That will set everyone back onto an even playing field. It’s almost like mutually assured destruction. Any political candidate from the millennial generation will be tempting fate if they go after their opponent for their exposed “Texts From Last Night” history.
When the offspring of social media platforms begin running for serious office, it will be a different game. Imagine a campaign where they have to stay one hundred percent on the issues? It would be insanely informative.
But just for kicks, imagine what it would be like if two candidates of the millennial generation went at each other at a personal level?
Could you imagine that debate?
“What is your stance on foreign policy?” the moderator would say. “Well,” candidate Johnson would say, “I think the issue is more about how when my opponent was quote ‘lol high off my azz at DMB’ on May 6th, 2011.” Then the other candidate would respond with “My opponent is just trying to distract from his recent Facebook scandal involving an incident involving a Kenny Chesney concert and drunk and disorderly conduct.” Followed by, “Just how many cat videos have you watched in the last thirty years?” which of course is countered with “I don’t see how that’s relevant considering your recently discovered comments in the response section of ‘Funny Talking Animals Part 12’, and I don’t think that the pygmy population of New Guinea would find them humorous either.”
That’s a good indicator of what debates will be like in the future.
These are just predictions, it is probable by then that companies will have come into being specializing in eradicating your unwanted social network dalliances from the intrawebs. It would be nice though, to see candidates actually debate one another on the issues. And if social media continues to be an every growing presence in our lives, look for the very first debate broadcast entirely from Facebook over the next ten years.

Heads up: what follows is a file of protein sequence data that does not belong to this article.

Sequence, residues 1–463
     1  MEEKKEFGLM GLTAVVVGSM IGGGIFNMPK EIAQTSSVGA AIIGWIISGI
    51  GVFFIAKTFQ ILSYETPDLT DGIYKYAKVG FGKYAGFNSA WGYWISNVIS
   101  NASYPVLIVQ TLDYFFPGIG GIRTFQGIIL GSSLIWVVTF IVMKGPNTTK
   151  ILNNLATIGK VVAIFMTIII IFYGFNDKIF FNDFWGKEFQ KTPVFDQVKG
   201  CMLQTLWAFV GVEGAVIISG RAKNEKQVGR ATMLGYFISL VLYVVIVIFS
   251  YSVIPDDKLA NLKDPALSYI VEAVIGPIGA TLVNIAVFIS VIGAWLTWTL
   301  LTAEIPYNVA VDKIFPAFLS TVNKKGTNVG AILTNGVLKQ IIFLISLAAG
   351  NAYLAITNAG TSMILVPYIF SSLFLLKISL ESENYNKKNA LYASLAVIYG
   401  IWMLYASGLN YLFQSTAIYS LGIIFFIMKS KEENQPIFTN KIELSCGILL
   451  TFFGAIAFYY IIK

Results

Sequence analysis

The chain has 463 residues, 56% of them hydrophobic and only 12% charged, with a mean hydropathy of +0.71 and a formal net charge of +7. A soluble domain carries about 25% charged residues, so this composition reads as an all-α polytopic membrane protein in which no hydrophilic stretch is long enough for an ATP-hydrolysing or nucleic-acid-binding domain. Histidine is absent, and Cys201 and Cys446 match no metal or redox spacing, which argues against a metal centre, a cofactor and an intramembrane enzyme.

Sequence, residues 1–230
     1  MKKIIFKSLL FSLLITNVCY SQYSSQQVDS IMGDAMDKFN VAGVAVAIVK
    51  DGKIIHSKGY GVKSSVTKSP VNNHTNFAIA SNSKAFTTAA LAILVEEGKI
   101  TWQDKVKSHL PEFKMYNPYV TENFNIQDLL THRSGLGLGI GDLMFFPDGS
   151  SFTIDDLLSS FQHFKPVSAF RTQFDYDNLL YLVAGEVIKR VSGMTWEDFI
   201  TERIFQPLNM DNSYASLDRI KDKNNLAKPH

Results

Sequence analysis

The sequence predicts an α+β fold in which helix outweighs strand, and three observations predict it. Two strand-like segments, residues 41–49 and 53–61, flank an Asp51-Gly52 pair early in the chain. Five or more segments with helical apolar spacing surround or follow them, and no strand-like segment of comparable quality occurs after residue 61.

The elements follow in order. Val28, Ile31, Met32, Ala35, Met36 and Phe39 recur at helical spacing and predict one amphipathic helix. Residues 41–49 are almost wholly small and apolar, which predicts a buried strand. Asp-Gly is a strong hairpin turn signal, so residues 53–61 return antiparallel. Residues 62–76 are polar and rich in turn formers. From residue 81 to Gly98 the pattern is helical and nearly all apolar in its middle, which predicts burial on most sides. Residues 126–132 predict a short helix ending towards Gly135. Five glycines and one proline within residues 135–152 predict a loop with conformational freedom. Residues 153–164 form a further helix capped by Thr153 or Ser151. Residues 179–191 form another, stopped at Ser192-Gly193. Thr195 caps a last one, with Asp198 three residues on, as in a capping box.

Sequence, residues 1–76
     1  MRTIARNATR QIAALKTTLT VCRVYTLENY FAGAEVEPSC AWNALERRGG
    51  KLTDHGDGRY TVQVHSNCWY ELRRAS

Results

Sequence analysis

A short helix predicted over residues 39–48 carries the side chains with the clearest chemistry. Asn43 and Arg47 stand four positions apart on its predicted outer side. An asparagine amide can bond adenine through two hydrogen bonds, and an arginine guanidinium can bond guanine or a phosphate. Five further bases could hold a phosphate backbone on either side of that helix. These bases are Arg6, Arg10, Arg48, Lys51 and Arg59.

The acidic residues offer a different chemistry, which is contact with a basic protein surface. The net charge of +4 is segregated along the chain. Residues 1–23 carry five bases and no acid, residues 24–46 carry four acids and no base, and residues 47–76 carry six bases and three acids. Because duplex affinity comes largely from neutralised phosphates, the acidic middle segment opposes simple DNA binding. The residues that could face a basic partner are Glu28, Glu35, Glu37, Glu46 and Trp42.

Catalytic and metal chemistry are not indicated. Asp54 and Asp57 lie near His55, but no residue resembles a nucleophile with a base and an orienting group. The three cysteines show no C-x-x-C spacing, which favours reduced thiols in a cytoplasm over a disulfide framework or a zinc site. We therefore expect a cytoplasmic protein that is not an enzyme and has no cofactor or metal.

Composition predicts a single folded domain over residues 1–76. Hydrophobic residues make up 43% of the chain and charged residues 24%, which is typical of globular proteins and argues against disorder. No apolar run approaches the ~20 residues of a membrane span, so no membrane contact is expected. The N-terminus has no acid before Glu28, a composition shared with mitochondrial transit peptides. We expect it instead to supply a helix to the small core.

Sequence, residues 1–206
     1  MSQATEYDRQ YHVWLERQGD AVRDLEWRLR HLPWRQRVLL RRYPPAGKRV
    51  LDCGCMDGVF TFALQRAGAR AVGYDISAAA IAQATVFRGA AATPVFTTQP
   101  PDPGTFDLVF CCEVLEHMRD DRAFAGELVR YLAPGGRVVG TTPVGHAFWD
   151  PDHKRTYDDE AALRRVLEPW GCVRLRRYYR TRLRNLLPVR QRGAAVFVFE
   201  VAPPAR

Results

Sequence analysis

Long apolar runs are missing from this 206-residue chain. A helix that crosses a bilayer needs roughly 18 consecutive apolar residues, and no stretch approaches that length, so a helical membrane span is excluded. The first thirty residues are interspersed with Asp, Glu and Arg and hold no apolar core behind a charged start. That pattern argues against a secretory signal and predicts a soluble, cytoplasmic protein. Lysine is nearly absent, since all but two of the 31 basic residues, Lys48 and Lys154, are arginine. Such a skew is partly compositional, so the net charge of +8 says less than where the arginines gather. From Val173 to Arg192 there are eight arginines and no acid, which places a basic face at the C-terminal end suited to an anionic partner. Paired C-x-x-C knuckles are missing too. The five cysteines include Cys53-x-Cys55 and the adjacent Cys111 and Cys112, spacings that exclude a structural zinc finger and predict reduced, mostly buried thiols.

Unless an individual was smart enough to keep their social media pages clean and free of controversy, which is highly unlikely, within the next twenty years there will be a shift from character assassination to a concentration on the issues. There will of course be a period of turmoil and Facebook scandals as millennials begin to enter the political fray, but after some time we may see the rise of clean, issue driven elections. But then again we may not, and elections will become like reality tv shows, and Democracy and our Republic will become one, big, reality show. Welcome to Whose Country is it Anyway, where the Laws are Made up, and the people don’t matter. Deep down you know that someone has pitched this, and you are very afraid.Click here for reuse options!
Copyright 2014 Communities Digital News
This article is the copyrighted property of the writer and Communities Digital News, LLC. Written permission must be obtained before reprint in online or print media. REPRINTING CONTENT WITHOUT PERMISSION AND/OR PAYMENT IS THEFT AND PUNISHABLE BY LAW.
Correspondingly, Communities Digital News, LLC uses its best efforts to operate in accordance with the Fair Use Doctrine under US Copyright Law and always tries to provide proper attribution. If you have reason to believe that any written material or image has been innocently infringed, please bring it to the immediate attention of CDN via the e-mail address or phone number listed on the Contact page so that it can be resolved expeditiously.